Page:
It is important to know whether or not your business is legally required to get this form of valuation. And if you’ve already gotten a 409A valuation, ensure you are getting re-evaluated once a year and/or any time your company closes a new funding round, in accordance with the law.

While you can do a 409A valuation yourself, a skilled accountant can guide you through the process with expertise to make sure you don’t hit any bumps along the way. A Redwood valuator will know the ins and outs of this type of valuation, as well as the best approach for you and your business as you undergo this process.

Business Valuations/Looking at Business Valuations

Some of the reasons for a business valuation include things such as entity discussions and business negotiations, but they are also useful while planning a business or estate. Maybe you are wondering how much your business can sell for right now. Or you might be hoping to assess your tax liability by looking at your business’ value.

Whatever the reason, a skilled valuator can help you get equity and enterprise valuations. Redwood’s expert team has grown to keep pace with our increasing client needs. We have experienced accountants prepared for whatever your business’ specific valuation needs entail. Business valuation could include tax or financial reporting, assessment of fair market value or for purchase price allocations.

It takes an experienced team to understand the intricacies of business and finance, as well as IRS regulations. A valuation is an added complexity on top of keeping your business running, so allow our accountants to handle valuations for you.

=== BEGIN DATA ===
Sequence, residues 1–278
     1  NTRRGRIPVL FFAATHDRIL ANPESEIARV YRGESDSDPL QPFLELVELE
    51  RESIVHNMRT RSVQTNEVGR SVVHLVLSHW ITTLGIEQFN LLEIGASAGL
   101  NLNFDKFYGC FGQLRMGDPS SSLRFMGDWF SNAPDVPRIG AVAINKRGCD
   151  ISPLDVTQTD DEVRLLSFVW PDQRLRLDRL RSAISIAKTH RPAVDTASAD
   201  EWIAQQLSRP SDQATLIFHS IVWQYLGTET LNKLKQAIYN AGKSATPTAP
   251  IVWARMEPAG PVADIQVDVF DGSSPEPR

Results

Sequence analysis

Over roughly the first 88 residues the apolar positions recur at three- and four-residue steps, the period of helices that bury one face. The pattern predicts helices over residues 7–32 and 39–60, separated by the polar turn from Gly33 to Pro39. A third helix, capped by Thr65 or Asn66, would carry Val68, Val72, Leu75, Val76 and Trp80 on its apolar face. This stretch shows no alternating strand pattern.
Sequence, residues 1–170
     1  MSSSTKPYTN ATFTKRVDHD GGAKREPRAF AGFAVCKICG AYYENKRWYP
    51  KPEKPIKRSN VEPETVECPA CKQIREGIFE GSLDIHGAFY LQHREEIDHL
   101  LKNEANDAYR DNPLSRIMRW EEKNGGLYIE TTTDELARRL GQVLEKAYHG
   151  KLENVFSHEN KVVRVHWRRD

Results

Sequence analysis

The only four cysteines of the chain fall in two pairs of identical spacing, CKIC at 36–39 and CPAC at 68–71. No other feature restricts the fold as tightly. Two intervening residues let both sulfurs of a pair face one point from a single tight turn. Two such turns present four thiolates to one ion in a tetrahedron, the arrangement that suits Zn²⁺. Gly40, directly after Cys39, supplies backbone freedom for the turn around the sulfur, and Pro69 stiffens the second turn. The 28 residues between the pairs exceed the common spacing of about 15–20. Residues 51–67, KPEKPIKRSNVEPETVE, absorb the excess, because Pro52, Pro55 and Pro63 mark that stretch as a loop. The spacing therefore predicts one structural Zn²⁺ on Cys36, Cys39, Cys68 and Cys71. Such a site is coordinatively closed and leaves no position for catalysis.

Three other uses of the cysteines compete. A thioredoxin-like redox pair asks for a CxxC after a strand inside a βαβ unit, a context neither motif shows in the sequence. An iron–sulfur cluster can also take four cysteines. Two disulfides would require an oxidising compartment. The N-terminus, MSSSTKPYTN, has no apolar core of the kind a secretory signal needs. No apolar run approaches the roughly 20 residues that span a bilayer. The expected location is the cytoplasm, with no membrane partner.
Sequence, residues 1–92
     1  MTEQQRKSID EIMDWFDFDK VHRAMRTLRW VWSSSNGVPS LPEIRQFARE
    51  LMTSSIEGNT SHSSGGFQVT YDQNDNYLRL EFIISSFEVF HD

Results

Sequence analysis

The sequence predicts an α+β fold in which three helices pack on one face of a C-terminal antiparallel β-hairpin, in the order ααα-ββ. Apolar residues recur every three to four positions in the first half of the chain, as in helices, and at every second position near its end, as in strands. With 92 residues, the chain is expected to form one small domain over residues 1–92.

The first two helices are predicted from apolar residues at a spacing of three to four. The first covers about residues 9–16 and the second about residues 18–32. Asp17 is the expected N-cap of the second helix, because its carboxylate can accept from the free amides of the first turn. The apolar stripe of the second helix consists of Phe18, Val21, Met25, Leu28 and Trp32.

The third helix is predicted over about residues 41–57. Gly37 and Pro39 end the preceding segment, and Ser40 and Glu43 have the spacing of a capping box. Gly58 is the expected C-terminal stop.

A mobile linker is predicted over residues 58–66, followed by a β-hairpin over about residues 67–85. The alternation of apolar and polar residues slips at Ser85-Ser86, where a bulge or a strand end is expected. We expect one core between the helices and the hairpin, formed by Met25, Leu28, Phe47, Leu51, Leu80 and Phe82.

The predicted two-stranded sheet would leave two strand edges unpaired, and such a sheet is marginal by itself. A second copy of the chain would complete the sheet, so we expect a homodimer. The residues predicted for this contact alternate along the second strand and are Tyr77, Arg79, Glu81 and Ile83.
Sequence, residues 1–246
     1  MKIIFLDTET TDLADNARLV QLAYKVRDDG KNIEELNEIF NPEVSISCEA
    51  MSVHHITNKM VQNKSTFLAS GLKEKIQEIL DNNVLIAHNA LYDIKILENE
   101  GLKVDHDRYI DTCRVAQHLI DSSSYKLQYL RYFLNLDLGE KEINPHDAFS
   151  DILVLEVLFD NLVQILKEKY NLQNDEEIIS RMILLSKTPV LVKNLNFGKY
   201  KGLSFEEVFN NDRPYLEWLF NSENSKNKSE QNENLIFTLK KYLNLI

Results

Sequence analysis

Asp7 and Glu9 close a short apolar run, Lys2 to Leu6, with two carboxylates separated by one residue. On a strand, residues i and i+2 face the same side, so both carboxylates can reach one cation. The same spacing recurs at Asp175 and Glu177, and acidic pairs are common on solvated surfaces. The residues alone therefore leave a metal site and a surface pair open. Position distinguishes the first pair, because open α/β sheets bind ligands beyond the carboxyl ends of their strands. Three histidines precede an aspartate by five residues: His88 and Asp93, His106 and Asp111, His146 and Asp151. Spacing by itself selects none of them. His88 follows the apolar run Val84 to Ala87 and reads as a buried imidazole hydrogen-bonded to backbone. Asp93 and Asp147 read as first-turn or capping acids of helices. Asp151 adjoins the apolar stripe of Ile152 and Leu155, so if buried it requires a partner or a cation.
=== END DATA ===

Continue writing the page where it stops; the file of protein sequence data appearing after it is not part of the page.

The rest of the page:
How to Assess IP and Patents

Patents and intellectual property also require their own valuations. Patent and IP valuations come from many different industries in the business world. IP and patents are always under threat from competing trademarks and leaked trade secrets, as well as tax concerns. Other reasons for IP and patent valuations include business planning, mergers and acquisitions and litigation support.

Once you have a patent or intellectual property that has value, you need to make sure it is protected. Defining assets that are not necessarily tangible can be complex, though. But the value of IP and patents cannot be understated, especially in recent times when so much of a business’s value comes from these assets in particular.

What is a Purchase Price Allocation?

Another requirement businesses encounter is ASC 805. During a purchase or acquisition, businesses seek to find their fair market value, including their intangible assets and liabilities, to bring to the transaction. This is particularly important for assessing purchase prices in an acquisition.

The goal of a purchase price allocation is to tease apart the pieces of a business, such as liabilities and assets, to find its fair market value. In a transaction, a lot of smaller pieces of a company can be traded and purchased and it’s important to understand the value of all of these.

What’s the Bottom Line?

At Redwood Valuation Partners, we are experts in business valuation. Ensure that your New Market business meets the requirements of the tax code and applicable regulations while finding the value of the assets, liabilities and intellectual property you hold.

Often, you will need to know the fair market value of your business. This may be because you intend to sell your company or because you want to stay in compliance with 409A. You also could seek a business valuation in order to protect a patent. Assets and liabilities are complicated. Get experts on your side who know how to cut through the complicated legal language to get you the information you need. Our team has worked for years in business, finance and tax issues, allowing us to meet the needs of a wide range of businesses.